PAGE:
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HIV treatment cascade for older adults in rural South Africa
  1. Julia K Rohr1,
  2. Jennifer Manne-Goehler2,
  3. Francesc Xavier Gómez-Olivé3,
  4. Ryan G Wagner3,
  5. Molly Rosenberg4,
  6. Pascal Geldsetzer5,
  7. Chodziwadziwa Kabudula3,
  8. Kathleen Kahn3,6,
  9. Stephen Tollman3,6,
  10. Till Bärnighausen3,7,8,
  11. Joshua A Salomon9
  1. 1Center for Population and Development Studies, Harvard University, Cambridge, Massachusetts, USA
  2. 2Division of Infectious Diseases, Massachusetts General Hospital, Boston, Massachusetts, USA
  3. 3Medical Research Council/Wits University Rural Public Health and Health Transitions Research Unit (Agincourt), School of Public Health, Faculty of Health Sciences, University of the Witwatersrand, Johannesburg, South Africa
  4. 4Department of Epidemiology and Biostatistics, Indiana University Bloomington School of Public Health, Bloomington, Indiana, USA
  5. 5Department of Global Health and Population, Harvard University T.H. Chan School of Public Health, Boston, Massachusetts, USA
  6. 6Centre for Global Health Research, Umea University, Umea, Sweden
  7. 7Heidelberg Insititute of Global Health, University of Heidelberg, Heidelberg, Germany
  8. 8Africa Health Research Institute, Mtubatuba, South Africa
  9. 9Department of Medicine, Stanford University, Stanford, California, USA
  1. Correspondence to Dr Julia K Rohr, Harvard Center for Population and Development Studies, Cambridge, MA 02138, USA; jkrohr{at}hsph.harvard.edu

Abstract

Objectives The HIV treatment cascade is a powerful framework for understanding progress from initial diagnosis to successful treatment. Data sources for cascades vary and often are based on clinical cohorts, population cohorts linked to clinics, or self-reported information. We use both biomarkers and self-reported data from a large population-based cohort of older South Africans to establish the first HIV cascade for this growing segment of the HIV-positive population and compare results using the different data sources.

Methods Data came from the Health and Aging in Africa: A Longitudinal Study of an INDEPTH Community in South Africa (HAALSI) 2015 baseline survey of 5059 adults aged 40+ years. Dried blood spots (DBS) were screened for HIV, antiretroviral drugs and viral load. In-home surveys asked about HIV testing, diagnosis and antiretroviral therapy (ART) use. We calculated proportions and CIs for each stage of the cascade, conditional on attainment of the previous stage, using (1) biomarkers, (2) self-report and (3) both biomarkers and self-report, and compared with UNAIDS 90-90-90 targets.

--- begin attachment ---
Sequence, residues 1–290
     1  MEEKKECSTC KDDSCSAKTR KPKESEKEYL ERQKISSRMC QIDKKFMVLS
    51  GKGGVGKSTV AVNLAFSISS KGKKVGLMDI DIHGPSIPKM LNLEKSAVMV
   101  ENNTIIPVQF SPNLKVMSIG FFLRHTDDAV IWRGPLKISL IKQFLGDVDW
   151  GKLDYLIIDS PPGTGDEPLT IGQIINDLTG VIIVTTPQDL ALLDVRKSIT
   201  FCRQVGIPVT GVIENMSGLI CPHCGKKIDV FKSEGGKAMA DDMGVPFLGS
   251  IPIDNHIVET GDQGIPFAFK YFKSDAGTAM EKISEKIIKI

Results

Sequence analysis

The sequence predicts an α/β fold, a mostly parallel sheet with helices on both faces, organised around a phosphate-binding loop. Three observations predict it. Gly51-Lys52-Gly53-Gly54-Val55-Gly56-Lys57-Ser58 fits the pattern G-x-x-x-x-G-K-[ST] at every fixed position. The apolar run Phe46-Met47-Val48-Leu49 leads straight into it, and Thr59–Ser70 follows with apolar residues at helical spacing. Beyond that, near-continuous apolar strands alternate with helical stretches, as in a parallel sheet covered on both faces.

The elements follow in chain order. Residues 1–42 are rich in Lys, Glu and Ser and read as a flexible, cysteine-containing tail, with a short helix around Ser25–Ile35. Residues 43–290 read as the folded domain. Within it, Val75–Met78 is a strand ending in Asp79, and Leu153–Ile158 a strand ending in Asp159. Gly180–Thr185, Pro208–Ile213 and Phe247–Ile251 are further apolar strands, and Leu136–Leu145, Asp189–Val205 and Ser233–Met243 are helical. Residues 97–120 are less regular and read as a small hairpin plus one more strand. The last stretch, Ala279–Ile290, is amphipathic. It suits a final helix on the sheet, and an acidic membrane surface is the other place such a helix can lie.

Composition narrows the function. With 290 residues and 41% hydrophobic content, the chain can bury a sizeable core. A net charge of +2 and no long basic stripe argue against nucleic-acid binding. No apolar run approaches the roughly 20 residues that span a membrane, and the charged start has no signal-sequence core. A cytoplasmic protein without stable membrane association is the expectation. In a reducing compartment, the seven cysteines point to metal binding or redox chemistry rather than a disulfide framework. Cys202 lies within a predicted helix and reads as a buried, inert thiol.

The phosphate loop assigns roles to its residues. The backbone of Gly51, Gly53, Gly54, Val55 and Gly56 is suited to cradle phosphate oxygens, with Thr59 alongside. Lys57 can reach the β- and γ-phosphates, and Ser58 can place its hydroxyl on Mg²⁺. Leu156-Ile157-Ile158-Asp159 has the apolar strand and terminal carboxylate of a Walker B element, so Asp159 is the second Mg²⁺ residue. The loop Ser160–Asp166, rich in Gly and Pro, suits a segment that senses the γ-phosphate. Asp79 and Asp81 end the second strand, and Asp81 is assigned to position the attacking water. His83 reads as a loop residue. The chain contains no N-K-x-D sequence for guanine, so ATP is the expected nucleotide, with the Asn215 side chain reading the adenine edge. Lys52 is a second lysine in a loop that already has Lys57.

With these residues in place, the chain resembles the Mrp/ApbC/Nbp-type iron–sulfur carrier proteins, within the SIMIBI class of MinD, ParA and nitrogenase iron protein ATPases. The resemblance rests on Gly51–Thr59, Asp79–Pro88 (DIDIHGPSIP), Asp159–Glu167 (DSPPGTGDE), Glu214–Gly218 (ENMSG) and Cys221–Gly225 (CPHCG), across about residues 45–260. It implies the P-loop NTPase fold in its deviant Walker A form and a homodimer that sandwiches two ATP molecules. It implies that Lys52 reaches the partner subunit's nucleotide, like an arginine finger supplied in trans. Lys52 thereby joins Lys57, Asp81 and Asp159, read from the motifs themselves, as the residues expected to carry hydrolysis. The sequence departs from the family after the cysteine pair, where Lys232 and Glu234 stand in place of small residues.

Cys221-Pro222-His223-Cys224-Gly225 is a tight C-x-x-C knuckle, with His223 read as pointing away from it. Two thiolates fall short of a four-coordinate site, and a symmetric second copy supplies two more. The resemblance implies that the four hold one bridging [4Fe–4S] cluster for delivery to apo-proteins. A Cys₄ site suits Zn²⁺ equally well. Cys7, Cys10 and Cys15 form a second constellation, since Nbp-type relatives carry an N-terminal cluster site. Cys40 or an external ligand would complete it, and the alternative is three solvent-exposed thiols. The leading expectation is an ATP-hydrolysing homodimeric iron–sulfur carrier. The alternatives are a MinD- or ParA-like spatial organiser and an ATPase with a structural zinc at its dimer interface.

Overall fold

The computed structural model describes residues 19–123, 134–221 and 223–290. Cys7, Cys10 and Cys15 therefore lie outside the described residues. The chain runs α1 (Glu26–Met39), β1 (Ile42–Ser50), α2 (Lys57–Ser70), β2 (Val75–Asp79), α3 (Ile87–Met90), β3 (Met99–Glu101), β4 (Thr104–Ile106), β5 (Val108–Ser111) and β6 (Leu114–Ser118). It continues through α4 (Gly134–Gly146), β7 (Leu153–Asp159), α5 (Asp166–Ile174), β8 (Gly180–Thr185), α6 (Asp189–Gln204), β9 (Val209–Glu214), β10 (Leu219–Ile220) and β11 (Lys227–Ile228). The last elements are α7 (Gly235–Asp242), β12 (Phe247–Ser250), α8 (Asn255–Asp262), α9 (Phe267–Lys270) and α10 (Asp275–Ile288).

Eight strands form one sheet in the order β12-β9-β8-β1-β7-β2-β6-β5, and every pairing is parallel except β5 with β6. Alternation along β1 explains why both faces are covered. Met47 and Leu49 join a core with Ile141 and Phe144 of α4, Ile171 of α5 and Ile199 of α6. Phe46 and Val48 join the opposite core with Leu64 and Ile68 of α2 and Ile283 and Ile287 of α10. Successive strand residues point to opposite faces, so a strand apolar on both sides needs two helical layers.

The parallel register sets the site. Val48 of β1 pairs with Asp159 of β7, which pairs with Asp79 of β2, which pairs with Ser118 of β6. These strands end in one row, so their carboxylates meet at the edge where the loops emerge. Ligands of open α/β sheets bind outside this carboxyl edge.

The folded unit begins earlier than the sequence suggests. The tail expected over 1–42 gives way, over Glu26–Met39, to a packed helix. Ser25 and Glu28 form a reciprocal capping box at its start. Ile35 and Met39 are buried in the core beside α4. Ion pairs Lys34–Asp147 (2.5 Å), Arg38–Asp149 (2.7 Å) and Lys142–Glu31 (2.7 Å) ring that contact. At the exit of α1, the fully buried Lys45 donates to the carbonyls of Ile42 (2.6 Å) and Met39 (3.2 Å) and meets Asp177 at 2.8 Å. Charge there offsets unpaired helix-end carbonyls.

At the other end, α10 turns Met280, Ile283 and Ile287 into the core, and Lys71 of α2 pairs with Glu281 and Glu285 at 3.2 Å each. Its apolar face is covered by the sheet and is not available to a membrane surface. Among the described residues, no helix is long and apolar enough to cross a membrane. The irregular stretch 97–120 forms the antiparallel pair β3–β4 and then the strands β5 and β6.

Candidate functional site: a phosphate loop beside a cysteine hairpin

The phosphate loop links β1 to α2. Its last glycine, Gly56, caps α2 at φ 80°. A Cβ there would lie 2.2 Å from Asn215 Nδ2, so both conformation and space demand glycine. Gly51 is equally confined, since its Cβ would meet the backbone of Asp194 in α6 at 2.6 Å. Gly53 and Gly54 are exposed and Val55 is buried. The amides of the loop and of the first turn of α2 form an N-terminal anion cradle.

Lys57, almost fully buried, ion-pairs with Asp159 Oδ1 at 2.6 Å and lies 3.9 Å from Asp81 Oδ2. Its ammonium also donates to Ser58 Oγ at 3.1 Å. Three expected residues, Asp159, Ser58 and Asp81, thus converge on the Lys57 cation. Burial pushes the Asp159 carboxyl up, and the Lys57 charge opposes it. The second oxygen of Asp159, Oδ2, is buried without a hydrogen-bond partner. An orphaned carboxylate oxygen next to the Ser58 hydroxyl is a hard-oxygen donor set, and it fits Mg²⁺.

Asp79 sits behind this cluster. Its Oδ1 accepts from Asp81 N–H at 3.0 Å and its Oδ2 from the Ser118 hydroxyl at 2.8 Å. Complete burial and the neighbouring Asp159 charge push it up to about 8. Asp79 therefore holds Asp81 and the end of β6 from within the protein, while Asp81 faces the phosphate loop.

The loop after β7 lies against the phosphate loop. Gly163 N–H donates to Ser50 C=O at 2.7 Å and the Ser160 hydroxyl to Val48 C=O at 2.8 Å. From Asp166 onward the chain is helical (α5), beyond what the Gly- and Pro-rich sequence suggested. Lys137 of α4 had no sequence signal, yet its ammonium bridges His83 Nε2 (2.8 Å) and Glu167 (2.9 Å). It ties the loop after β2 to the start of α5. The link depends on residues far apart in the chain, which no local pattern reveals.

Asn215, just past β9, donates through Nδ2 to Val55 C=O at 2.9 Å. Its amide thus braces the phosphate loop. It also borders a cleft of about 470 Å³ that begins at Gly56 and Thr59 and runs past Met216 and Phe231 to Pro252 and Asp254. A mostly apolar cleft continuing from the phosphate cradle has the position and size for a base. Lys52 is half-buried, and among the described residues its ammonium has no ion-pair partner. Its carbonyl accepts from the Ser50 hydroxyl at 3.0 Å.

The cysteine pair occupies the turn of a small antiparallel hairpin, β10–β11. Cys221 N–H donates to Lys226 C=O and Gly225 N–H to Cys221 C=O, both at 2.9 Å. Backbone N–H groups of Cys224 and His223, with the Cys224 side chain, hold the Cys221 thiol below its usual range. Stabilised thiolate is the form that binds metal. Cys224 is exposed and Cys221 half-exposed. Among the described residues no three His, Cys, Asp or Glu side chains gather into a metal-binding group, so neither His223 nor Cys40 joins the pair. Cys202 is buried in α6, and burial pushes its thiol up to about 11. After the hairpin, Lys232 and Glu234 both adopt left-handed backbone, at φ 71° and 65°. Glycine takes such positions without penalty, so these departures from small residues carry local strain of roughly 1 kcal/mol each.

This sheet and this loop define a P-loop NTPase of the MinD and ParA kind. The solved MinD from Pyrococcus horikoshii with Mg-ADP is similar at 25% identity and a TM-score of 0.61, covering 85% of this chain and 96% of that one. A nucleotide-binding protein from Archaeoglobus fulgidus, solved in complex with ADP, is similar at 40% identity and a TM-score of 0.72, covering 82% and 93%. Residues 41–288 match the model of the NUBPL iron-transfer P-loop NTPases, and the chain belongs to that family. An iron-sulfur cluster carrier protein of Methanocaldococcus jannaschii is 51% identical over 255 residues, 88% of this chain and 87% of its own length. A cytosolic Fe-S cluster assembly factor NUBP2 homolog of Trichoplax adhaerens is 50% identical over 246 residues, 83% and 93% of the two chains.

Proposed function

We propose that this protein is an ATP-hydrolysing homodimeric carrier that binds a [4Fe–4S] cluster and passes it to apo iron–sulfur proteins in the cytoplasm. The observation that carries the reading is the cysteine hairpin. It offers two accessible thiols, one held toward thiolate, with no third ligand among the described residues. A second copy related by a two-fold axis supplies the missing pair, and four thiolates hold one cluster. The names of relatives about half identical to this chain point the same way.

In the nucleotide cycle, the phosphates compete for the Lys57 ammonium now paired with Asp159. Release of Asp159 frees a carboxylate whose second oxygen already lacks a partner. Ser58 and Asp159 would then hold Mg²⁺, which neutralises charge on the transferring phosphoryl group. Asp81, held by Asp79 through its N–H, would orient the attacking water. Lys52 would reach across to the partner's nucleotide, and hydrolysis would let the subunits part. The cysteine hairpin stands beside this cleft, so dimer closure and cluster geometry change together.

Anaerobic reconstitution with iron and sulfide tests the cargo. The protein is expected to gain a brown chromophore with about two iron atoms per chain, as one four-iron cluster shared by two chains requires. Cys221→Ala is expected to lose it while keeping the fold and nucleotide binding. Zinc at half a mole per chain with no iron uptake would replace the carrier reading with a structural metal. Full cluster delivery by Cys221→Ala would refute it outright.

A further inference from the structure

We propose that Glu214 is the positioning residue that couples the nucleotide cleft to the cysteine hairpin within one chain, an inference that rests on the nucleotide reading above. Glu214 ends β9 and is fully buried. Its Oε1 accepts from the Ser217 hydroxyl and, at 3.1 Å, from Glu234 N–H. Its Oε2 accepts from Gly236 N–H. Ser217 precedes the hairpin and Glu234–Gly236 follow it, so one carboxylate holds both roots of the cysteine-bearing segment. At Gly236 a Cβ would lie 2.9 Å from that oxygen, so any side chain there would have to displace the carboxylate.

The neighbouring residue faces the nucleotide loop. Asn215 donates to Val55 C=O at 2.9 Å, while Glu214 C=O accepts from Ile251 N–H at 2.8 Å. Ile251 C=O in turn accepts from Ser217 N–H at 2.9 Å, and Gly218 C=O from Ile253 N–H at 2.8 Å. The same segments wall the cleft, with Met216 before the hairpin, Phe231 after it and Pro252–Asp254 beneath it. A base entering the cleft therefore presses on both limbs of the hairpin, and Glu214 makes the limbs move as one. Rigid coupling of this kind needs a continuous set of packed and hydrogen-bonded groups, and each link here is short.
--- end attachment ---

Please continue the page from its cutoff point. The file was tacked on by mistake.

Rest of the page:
Results 4560 participants had DBS results, among whom 1048 (23%) screened HIV-positive and comprised the denominator for each cascade. The biomarker cascade showed 63% (95% CI 60 to 66) on ART and 72% (95% CI 69 to 76) of those on ART with viral suppression. Self-reports underestimated testing, diagnosis and ART, with only 47% (95% CI 44 to 50) of HIV-positive individuals reporting ART use. The combined cascade indicated high HIV testing (89% (95% CI 87 to 91)), but lower knowledge of HIV-positive status (71% (95% CI 68 to 74)).

Conclusions Older South Africans need repeated HIV testing and sustained ART to reach 90-90-90 targets. HIV cascades relying on self-reports are likely to underestimate true cascade attainment, and biomarkers provide substantial improvements to cascade estimates.

  • hiv
  • antiretroviral therapy
  • treatment
  • africa
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Footnotes

  • Handling editor Nicola Low

  • Contributors JKR, TB and JAS conceived and designed this analysis. KK, ST, JAS and TB were involved in the design of the HAALSI study. RGW, CK and FXG-O were involved in data collection for the study. JKR analysed the data and drafted the manuscript. JKR, JAS, TB, JM-G, FXG-O, MR and PG interpreted the data analysis. All authors were involved in reviewing the manuscript and approved the final manuscript. TB and JAS: joint last authorship.

  • Funding The HAALSI study is funded by the National Institute on Aging (NIA) of the National Institutes of Health (NIH) (P01-AG041710), and is nested within the MRC/Wits Rural Public Health and Health Transitions Research Unit (Agincourt), funded by Wellcome Trust (058893/Z/99/A; 069683/Z/02/Z; 085477/Z/08/Z; 085477/B/08/Z) with important contributions from the University of the Witwatersrand, and the South African Medical Research Council. TB was supported by the Alexander von Humboldt Foundation through the Alexander von Humboldt Professor award, funded by the German Federal Ministry of Education and Research, as well as by NICHD of NIH (R01-HD084233), NIA of NIH (P01-AG041710), NIAID of NIH (R01-AI124389 and R01-AI112339) and FIC of NIH (D43-TW009775).

  • Competing interests None declared.

  • Patient consent for publication Not required.

  • Provenance and peer review Not commissioned; externally peer reviewed.

  • Data availability statement Data are available in a public, open-access repository.

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